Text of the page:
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ward (v.)

Old English weardian "to keep guard, watch, protect, preserve," from Proto-Germanic *wardon "to guard" (source also of Old Saxon wardon, Old Norse varða "to guard," Old Frisian wardia, Middle Dutch waerden "to take care of," Old High German warten "to guard, look out for, expect," German warten "to wait, wait on, nurse, tend"), from PIE *war-o-, suffixed form of root *wer- (3) "perceive, watch out for."

French garder, Italian guardare, Spanish guardar are Germanic loan-words. Meaning "to parry, to fend off" (now usually with off) is recorded from 1570s. Related: Warded; warding.

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ward (n.)

Old English weard "a guarding, protection; watchman, sentry, keeper," from Proto-Germanic *wardaz "guard" (source also of Old Saxon ward, Old Norse vörðr, Old High German wart), from PIE *war-o-, suffixed form of root *wer- (3) "perceive, watch out for."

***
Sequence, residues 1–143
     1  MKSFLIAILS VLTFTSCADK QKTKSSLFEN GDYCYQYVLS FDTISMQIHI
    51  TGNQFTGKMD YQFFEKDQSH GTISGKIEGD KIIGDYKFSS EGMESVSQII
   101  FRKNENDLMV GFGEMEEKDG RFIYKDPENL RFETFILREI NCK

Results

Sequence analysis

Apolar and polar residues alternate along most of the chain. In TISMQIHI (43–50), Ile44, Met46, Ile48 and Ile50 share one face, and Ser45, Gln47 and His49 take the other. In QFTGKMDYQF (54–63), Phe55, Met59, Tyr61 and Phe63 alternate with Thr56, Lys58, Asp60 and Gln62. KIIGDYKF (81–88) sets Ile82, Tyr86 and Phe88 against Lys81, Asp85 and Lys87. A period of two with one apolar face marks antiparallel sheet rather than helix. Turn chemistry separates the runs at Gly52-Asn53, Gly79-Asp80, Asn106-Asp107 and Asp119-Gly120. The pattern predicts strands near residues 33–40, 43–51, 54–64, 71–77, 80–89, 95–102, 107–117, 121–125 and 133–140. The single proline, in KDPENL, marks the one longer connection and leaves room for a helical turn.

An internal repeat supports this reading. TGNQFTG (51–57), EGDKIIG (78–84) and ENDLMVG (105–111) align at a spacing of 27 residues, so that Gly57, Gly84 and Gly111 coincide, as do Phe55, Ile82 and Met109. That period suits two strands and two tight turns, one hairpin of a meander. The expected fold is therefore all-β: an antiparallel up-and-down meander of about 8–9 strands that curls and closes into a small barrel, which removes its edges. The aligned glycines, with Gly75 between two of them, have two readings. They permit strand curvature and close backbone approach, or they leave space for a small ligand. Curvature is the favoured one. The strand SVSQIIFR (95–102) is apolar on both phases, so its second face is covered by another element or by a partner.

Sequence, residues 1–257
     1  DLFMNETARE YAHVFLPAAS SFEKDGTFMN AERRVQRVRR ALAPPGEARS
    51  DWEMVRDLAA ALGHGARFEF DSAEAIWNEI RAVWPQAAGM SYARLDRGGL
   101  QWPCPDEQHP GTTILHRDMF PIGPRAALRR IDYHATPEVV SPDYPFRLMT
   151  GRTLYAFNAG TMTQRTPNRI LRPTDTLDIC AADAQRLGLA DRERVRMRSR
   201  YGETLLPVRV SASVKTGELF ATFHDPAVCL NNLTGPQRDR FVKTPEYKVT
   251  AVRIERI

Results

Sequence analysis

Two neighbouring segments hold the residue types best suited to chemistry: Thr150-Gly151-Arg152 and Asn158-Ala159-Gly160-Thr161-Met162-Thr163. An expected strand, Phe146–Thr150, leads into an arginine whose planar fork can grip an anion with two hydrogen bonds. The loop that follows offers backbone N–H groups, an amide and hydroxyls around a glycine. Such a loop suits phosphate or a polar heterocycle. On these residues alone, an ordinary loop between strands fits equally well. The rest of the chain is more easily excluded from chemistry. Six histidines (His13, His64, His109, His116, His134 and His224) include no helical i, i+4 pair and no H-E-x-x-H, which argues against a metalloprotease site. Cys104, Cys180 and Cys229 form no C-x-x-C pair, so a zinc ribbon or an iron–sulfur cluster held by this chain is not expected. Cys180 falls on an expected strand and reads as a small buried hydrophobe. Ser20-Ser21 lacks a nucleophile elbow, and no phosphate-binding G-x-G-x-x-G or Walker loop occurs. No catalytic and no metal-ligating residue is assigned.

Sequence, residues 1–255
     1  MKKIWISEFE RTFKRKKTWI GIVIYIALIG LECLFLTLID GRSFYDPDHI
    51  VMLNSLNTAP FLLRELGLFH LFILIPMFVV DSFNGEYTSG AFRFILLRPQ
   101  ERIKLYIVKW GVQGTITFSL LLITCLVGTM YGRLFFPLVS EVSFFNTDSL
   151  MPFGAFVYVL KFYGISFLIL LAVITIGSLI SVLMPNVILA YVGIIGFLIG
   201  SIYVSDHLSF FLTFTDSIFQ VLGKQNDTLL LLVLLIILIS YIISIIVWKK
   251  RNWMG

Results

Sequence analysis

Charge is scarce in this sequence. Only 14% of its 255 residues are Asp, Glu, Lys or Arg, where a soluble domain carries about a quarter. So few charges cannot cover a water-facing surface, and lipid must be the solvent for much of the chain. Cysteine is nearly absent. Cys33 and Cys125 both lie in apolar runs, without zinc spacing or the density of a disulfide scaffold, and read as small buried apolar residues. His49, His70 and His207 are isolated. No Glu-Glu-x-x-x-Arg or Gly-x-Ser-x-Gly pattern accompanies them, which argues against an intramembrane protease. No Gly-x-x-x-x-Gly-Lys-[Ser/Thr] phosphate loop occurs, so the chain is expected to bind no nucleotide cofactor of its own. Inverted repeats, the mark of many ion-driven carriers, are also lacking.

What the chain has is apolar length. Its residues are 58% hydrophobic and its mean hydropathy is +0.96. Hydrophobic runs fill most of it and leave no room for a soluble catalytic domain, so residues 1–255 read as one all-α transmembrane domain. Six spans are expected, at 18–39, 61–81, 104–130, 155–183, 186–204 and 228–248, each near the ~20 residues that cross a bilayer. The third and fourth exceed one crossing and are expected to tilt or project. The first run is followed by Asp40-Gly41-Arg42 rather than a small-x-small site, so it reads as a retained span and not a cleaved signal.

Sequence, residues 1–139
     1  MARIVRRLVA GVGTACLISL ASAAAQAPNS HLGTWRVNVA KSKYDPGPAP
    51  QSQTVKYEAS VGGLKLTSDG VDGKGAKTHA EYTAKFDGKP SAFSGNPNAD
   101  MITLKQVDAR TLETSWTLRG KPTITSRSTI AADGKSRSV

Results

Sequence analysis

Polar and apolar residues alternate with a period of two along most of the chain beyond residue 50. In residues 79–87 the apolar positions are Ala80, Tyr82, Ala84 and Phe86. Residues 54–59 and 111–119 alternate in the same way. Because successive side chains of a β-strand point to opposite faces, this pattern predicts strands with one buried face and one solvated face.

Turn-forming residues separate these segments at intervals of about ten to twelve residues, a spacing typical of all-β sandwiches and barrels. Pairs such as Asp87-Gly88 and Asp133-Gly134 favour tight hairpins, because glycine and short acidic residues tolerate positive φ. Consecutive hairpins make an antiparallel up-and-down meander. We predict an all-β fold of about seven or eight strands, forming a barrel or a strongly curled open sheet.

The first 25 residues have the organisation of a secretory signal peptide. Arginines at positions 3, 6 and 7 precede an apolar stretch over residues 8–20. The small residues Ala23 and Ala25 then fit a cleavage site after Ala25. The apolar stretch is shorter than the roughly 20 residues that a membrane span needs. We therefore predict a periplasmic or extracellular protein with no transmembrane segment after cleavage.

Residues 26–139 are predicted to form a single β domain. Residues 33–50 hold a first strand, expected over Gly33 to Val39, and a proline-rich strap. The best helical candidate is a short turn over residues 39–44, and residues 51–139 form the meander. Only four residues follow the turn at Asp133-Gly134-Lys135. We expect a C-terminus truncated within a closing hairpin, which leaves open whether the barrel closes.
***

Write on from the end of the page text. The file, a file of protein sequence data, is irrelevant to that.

Used for administrative districts (at first in the sense of guardianship) from late 14c.; of hospital divisions from 1749. Meaning "minor under control of a guardian" is from early 15c. Ward-heeler is 1890, from heeler "loafer, one on the lookout for shady work" (1870s).

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Godward (adv.)
also God-ward, "toward God," late 14c., from God + -ward.
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westward (adv.)
"toward the west," Old English westweard; see west + -ward.
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-ward 

adverbial suffix expressing direction, Old English -weard "toward," literally "turned toward," sometimes -weardes, with genitive singular ending of neuter adjectives, from Proto-Germanic *werda- (cognates: Old Saxon, Old Frisian -ward, Old Norse -verðr), variant of PIE *werto- "to turn, wind," from root *wer- (2) "to turn, bend." The original notion is of "turned toward."

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heavenward (adv.)
mid-13c., from heaven + -ward. Related: Heavenwards.
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